Liquid Nitrogen & the Bar Industry
A warning to all those using liquid nitrogen in the hospitality sector, especially where it is being used in cocktails; you should perform a new and vigorous risk-assessment. All employees who permitted to handle liquid nitrogen must be given the appropriate levels of training and sufficient personal protective equipment (PPE).
Until such time as a new risk-assessment has been completed and implemented in full, premises should consider suspending the use of liquid nitrogen; pay particular attention to the investigation into what went wrong in a Lancaster bar last week.
Gaby Scanlon, an 18 year old, was taken to hospital with stomach pains during a night out at Oscar’s Wine Bar and doctors had no choice but to perform emergency surgery to remove her stomach; in order to save her life.
It would seem from the initial assessment that the situation arose as a result of her drinking a cocktail which was ‘decorated’ with liquid nitrogen; of which it is assumed she ingested some.
If this is the case, then anyone partaking in this activity must seriously consider suspending the practice with immediate effect and take the time to consider the relative merits of what some would see as a sales gimmick.
The hospitality industry has to work hard to attract customers and deliver environments where people want to go, but these places must be safe.
This case must be taken seriously, however I would not agree with the suggestions made that it is linked to irresponsible alcohol retailing in general. Delivering a good customer experience is an effective way of running a successful alcohol led business, without the need to discount or encourage people to drink more than they usually would.
We should be encouraging venues to deliver environments and experiences which will draw people out to venues, which don’t rely on volume and discounting, but where customers will pay a premium for the experience. This is one of the ways we can achieve vibrant businesses while reducing the number of alcohol units individuals consume.
Whatever comes out of the investigation in this particular case, we must not underestimate the priority of delivering safe environments for our customers; it is clear that liquid nitrogen is not safe in the hands of untrained employees, at least not in this case.
Origin of liquid nitrogen in hospitality
Popularised by Heston Blumenthal in the Fat Duck restaurant, the use of liquid nitrogen in cooking has developed a following. However if you take the time to observe how they handle liquid nitrogen, they do so with very great care and using protective equipment.
The Fat Duck has a significant risk assessment in place for handling liquid nitrogen and delivers significant training and PPE to those who handle it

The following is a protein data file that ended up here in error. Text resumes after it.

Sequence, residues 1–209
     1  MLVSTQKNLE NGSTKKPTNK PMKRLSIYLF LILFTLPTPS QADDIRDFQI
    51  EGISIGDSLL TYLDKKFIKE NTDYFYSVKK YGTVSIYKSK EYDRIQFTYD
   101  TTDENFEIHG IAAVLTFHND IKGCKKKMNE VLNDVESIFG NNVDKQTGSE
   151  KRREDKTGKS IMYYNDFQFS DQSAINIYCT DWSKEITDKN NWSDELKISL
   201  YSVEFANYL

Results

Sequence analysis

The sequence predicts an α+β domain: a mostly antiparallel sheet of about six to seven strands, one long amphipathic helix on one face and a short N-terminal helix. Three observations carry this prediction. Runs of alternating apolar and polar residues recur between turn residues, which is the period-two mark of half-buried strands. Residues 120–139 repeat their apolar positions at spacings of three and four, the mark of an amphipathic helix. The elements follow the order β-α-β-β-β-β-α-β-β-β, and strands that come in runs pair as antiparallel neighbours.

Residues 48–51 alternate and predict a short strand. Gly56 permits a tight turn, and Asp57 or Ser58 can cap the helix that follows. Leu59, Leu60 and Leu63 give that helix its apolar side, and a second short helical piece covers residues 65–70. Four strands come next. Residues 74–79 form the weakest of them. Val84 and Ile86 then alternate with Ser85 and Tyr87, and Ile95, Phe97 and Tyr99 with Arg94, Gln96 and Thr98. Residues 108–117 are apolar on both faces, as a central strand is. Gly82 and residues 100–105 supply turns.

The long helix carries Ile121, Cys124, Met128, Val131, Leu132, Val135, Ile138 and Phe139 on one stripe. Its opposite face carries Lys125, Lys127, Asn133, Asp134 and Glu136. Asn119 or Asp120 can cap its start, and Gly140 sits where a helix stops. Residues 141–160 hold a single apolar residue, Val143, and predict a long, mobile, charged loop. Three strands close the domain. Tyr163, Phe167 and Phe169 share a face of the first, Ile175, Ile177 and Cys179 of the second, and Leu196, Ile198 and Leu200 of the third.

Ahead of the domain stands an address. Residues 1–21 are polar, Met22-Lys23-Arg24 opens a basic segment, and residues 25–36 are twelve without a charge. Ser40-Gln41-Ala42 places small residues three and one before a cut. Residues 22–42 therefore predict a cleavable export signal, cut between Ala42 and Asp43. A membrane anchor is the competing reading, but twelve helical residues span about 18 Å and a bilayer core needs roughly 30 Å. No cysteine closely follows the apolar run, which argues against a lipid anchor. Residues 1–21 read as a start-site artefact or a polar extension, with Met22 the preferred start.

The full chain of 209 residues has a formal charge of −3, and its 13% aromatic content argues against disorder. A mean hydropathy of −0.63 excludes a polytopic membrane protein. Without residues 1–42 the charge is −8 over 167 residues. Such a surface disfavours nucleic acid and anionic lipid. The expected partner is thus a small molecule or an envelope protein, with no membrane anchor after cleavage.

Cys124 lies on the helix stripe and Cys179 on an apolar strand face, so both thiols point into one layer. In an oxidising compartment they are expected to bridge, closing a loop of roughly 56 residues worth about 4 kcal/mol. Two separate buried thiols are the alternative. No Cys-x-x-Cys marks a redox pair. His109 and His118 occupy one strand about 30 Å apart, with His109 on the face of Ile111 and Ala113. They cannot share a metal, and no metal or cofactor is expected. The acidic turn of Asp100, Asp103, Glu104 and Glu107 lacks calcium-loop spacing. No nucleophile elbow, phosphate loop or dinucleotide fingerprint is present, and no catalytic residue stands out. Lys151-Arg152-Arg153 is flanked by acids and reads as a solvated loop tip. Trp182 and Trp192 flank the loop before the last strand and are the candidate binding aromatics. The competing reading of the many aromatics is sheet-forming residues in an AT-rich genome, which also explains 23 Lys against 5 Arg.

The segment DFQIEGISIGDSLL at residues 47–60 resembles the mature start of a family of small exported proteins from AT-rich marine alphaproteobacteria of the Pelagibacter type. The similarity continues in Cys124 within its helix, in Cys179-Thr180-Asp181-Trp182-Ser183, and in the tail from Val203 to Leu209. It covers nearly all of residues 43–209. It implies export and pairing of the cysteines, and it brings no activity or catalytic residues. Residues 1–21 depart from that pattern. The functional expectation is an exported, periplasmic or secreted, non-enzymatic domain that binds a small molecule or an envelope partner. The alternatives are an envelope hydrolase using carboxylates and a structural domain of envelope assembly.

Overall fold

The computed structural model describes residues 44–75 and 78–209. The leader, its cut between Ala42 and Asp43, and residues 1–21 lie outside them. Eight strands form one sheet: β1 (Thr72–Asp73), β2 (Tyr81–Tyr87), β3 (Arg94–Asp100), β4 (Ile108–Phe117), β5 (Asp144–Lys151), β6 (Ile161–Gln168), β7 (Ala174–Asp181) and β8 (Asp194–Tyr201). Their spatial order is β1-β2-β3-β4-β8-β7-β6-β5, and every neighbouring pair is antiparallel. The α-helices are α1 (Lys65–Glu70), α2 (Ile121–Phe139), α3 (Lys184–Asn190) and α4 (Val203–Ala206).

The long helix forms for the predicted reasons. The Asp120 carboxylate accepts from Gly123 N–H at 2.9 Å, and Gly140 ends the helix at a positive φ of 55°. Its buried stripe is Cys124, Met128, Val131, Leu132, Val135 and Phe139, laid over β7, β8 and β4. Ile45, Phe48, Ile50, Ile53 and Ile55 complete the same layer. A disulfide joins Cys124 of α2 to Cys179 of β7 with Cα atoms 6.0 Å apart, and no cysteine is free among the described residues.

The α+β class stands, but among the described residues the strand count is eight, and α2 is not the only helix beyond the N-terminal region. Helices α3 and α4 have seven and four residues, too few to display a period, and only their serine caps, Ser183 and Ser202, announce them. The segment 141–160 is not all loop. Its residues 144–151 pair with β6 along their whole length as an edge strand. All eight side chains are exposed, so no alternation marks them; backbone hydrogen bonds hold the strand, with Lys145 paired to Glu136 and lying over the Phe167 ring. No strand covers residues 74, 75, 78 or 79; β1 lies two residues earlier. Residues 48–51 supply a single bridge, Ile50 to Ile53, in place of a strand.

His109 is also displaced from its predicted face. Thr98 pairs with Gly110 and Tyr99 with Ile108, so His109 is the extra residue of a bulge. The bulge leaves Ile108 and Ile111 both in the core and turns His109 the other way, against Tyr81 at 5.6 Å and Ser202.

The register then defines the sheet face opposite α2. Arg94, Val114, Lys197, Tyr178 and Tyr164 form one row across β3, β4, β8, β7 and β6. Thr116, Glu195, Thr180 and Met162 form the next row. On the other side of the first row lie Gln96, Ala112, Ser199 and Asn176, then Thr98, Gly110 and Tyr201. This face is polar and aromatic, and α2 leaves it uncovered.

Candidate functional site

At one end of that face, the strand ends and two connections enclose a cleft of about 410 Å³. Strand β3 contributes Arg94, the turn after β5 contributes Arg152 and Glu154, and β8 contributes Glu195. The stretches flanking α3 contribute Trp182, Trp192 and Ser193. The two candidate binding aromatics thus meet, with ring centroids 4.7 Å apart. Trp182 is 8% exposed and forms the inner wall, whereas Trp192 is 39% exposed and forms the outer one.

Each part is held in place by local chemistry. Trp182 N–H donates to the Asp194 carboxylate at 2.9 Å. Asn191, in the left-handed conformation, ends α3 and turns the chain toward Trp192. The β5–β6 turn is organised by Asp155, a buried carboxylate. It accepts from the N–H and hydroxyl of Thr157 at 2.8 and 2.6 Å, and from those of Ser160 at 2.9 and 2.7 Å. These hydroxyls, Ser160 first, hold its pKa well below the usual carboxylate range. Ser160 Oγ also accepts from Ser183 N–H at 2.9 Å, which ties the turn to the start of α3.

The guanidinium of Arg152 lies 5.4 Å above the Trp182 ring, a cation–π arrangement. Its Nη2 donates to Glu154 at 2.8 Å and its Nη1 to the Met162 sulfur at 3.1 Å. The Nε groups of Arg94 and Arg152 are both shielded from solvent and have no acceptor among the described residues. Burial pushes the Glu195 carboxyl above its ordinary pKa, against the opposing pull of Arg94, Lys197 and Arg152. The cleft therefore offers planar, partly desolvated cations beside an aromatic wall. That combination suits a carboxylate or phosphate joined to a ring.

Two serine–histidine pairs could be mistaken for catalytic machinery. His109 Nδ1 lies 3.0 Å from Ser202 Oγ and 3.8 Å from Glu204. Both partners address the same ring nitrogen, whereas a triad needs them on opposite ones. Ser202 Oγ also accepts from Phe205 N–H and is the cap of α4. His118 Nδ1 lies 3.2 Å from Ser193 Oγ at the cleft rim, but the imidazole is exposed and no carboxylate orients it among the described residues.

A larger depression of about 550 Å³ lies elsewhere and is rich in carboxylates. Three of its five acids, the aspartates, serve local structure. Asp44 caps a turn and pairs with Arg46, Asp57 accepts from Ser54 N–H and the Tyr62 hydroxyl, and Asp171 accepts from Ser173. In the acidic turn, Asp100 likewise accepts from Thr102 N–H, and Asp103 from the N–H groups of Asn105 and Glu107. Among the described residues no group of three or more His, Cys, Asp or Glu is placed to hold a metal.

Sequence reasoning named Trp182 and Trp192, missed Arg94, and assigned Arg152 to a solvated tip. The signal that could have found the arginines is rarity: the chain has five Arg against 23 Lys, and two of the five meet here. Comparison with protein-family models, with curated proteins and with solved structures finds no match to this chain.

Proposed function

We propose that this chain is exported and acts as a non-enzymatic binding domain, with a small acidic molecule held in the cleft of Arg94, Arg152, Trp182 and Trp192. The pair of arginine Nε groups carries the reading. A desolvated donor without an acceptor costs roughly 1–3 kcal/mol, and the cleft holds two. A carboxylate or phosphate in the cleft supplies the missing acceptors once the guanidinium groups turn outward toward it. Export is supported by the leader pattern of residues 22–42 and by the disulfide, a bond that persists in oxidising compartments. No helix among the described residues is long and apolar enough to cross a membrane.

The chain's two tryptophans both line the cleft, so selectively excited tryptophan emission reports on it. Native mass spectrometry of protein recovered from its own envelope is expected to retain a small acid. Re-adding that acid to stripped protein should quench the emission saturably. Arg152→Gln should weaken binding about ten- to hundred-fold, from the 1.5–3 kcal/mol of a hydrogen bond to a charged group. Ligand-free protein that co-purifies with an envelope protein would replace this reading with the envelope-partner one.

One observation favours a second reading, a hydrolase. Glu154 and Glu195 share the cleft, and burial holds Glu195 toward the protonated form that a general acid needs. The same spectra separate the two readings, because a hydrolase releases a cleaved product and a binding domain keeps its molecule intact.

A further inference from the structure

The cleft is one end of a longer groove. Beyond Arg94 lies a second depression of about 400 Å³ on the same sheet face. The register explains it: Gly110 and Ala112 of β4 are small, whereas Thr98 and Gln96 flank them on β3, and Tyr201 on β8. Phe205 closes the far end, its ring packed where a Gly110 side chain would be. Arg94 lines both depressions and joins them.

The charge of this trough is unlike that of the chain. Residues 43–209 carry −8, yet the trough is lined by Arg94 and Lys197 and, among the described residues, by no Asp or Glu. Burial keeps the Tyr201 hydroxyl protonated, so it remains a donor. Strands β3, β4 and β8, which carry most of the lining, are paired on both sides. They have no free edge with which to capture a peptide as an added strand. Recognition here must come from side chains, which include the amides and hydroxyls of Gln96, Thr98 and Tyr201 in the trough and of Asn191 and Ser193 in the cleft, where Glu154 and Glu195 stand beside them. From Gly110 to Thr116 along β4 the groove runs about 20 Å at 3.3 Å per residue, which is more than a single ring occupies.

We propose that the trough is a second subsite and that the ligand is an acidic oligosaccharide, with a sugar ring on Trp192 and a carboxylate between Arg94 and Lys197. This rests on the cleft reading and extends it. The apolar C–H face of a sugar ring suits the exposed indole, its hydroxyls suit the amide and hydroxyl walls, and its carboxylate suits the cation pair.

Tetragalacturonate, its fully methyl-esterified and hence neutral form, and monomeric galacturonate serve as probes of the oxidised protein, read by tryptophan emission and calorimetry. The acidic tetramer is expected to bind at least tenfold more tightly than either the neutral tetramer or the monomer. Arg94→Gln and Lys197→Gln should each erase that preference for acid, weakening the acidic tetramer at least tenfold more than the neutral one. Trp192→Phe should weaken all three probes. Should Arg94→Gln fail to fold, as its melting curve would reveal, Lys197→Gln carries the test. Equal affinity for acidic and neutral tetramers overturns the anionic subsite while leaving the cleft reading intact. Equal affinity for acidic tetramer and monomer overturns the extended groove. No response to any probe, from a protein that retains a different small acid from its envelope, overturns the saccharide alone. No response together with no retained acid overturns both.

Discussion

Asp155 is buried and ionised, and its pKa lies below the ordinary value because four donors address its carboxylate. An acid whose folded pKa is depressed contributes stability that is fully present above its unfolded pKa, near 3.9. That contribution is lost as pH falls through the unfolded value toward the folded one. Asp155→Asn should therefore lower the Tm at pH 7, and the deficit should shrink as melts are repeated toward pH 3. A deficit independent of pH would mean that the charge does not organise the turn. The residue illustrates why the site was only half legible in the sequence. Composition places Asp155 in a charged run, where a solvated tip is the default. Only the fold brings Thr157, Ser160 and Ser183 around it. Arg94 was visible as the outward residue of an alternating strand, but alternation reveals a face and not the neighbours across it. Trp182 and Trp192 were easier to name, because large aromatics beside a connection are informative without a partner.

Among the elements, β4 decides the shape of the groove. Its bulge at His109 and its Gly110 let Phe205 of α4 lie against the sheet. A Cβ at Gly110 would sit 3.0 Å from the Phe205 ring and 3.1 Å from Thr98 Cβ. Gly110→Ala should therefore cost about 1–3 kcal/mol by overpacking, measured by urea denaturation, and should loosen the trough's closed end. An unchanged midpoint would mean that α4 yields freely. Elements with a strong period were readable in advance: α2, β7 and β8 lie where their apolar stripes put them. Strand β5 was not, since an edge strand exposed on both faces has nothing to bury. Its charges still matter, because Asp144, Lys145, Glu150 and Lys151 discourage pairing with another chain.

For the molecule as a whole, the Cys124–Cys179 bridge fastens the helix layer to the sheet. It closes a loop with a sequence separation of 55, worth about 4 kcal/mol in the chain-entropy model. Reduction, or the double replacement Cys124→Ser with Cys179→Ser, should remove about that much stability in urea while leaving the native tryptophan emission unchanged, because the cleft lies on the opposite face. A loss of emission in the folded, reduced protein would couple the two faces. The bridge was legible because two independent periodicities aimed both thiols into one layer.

There is a big difference between using liquid nitrogen to cook in a kitchen in a very controllable environment and using it tableside or at a bar making a cocktail.
In a controlled kitchen, by the time the customer gets the product, the liquid nitrogen has all vaporised and dispersed, whereas giving it directly to the customer at the tableside or at a busy bar, reduces significantly the control of the handler. Customers are unlikely to understand what it is they are dealing with.
The fog creating effect generated by the use of liquid nitrogen, looks on the face of it no different to the ‘dry ice’ you get in clubs, which in most cases is nothing more sinister than water based vapour; sometimes with small amounts of oil based fragrances added. Clubbers know that ingesting this ‘dry ice’ does them no real harm, why should the drink be any different?
This very tragic case is not another case of irresponsible alcohol retailing as some have already declared, but the misunderstanding and mishandling of a potentially dangerous product popularised on television and through the success of other using it very much more controlled ways.
Liquid Nitrogen - a dangerous chemical
Liquid nitrogen is used because it freezes items very quickly, it has a boiling point of -196c which makes it effective for use in the medical and industrial sectors. In these sectors it is used to reduce temperatures very rapidly, in medicine this process is used to destroy human tissue; that should tell us exactly how potentially dangerous it is.
If you use liquid nitrogen in cocktails or table-side cooking, we would strongly advise you to suspend your service of those products and re-examine your strategy focussing particularly on public safety; which is after all one of the key licensing objectives.
It shouldn’t have to come to someone experiencing such a terrible injury for this matter to be further risk-assessed, but now it has occurred, there is no excuse for anyone to ignore the risks in future.
Author - Peter Mayhew is the Managing Director of Beyond the Blue Training & Consultancy. He delivers training courses and provides expert opinion on alcohol & entertainment licensing and health & safety. Peter is a frequent contributor to industry publications.
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